For Immediate Release


Contact: Amy Mercer
Marketing and Communications Manager
843-722-2706 ext. 38
amercer@gibbesmuseum.org

 

Landscape of Slavery: The Plantation in American Art Examines the Impact of Plantation Imagery

Traveling exhibition organized by the Gibbes Museum of Art presents plantation-related images of the American South from the eighteenth century to the present

(February 29, 2008 - Charleston, SC) – The Gibbes Museum of Art has organized a groundbreaking exhibition entitled Landscape of Slavery: The Plantation in American Art to offer a comprehensive, interdisciplinary examination of plantation images in the American South.

The exhibition is currently on view at the University of Virginia Art Museum in Charlottesville, VA from January 25 – April 20, 2008, and will then be on view at the Gibbes in Charleston, SC from May 9 - August 3, 2008. Following the Gibbes, the exhibition will travel to the Morris Museum of Art in Augusta, GA where it will be on display from August 23 – October 19, 2008.

Todd D. Smith, Executive Director of the Gibbes explains the inspiration for the project, “The mission of the Gibbes is to tell the story of the visual culture of the South and the plantation has been (and still continues to be) a defining characteristic of the history and present state of the region. The museum’s collection includes several important works related to the subject, and we were inspired to lead an effort to unravel the realities and fictions that surround the subject matter.”

Curated by Angela D. Mack, the museum’s Deputy Director for Curatorial Affairs, the exhibition features over 100 paintings, works on paper, photographs, mixed media and installation works. The three venues each offer a unique installation and presentation of objects and a complete list of objects in the exhibition is available at www.gibbesmuseum.org. Through the eyes of a range of artists such as Eastman Johnson, Winslow Homer, William Aiken Walker, Alice Ravenel Huger Smith, John Biggers, Edwin Harleston, Carrie Mae Weems and Kara Walker, Landscape of Slavery examines depictions of plantations, plantation views and related slave imagery in the context of the history of landscape painting in America. “More than a history of the visual imagery related to the plantation, the show invites one to consider the impact that this imagery has had on race relations for three centuries,” says Mack.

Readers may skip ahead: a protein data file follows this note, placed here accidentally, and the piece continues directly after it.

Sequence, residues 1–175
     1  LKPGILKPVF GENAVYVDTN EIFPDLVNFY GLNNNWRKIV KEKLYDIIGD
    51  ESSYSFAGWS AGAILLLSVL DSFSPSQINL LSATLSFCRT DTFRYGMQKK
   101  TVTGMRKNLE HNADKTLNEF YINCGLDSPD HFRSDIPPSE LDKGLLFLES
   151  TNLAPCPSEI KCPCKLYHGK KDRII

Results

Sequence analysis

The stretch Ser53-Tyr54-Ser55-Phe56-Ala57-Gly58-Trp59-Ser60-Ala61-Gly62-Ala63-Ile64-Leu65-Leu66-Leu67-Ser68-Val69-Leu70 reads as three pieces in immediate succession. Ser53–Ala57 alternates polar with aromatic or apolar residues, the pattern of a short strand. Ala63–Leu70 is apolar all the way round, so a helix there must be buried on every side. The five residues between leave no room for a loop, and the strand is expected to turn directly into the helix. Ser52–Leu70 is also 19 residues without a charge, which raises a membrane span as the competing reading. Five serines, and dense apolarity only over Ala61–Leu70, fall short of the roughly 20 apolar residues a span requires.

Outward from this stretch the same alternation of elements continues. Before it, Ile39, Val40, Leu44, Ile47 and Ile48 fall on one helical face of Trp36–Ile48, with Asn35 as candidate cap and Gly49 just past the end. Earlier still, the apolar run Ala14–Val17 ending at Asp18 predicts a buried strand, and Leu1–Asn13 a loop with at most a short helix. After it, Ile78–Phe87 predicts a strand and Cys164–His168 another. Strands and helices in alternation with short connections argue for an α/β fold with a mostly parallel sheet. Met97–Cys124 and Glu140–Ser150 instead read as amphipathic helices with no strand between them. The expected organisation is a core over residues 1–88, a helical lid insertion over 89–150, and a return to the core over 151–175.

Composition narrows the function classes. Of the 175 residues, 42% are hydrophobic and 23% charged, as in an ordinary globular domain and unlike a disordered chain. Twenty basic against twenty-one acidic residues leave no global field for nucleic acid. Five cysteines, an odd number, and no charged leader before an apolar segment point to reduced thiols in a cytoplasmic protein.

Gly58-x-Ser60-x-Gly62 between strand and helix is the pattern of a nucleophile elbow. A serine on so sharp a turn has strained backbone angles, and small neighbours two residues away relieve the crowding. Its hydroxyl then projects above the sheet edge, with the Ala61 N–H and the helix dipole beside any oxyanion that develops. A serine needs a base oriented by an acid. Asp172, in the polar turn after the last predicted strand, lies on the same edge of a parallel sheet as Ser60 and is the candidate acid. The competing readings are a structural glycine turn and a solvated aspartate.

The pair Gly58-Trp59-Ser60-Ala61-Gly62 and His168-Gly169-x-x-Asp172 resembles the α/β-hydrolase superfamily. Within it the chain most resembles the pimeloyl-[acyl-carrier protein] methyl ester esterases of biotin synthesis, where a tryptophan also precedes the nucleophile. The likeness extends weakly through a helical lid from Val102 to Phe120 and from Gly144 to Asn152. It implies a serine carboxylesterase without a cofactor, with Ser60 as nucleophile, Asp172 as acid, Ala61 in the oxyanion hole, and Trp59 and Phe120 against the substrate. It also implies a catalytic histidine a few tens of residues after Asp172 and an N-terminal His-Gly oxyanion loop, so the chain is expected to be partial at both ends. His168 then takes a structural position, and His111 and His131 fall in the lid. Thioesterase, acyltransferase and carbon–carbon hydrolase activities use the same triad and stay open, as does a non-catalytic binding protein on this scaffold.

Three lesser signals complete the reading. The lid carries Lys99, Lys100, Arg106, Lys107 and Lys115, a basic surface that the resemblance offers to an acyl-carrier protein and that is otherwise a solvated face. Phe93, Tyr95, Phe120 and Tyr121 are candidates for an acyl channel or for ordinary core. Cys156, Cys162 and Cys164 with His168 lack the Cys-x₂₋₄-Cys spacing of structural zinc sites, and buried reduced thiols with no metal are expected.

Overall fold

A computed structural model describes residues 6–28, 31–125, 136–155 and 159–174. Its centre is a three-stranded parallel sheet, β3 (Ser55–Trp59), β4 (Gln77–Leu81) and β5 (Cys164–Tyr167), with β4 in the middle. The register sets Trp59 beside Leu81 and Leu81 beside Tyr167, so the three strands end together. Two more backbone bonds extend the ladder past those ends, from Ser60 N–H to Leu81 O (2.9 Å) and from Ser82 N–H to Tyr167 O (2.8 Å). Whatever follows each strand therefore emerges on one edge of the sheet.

A genre predominantly tied to the Southern region of the United States, the plantation view has traditionally received marginal attention in the study of American landscape art. Previous work on the plantation subject has emphasized the debt the genre owes to 18th century British aesthetic theories and styles. In recent years, however, art historians have worked to identify general shifts in plantation iconography that reflect specific historical events. Meanwhile, plantation views have attracted the attention of social historians who have identified the genre as a rich source for exploring issues of wealth, power, race, memory and nostalgia. Landscape of Slavery seeks to bring these current discussions on the topic together for the public’s consideration.

Landscape of Slavery: The Plantation in American Art is supported in part by an award from the National Endowment for the Arts. Supporters of the Gibbes exhibition include Gibbes, etc., Charleston Renaissance Gallery, The Henry and Sylvia Yaschik Foundation, The Humanities Council SC, Dr. and Mrs. George W. Williams, Geiss & Son Jewelers, Amelia T. Handigan Interior Design, Hulsey Law Group, Piggly Wiggly and Charleston magazine.

About the Book
Landscape of Slavery: The Plantation in American Art
Edited by Angela D. Mack and Stephen G. Hoffius
(University of South Carolina Press)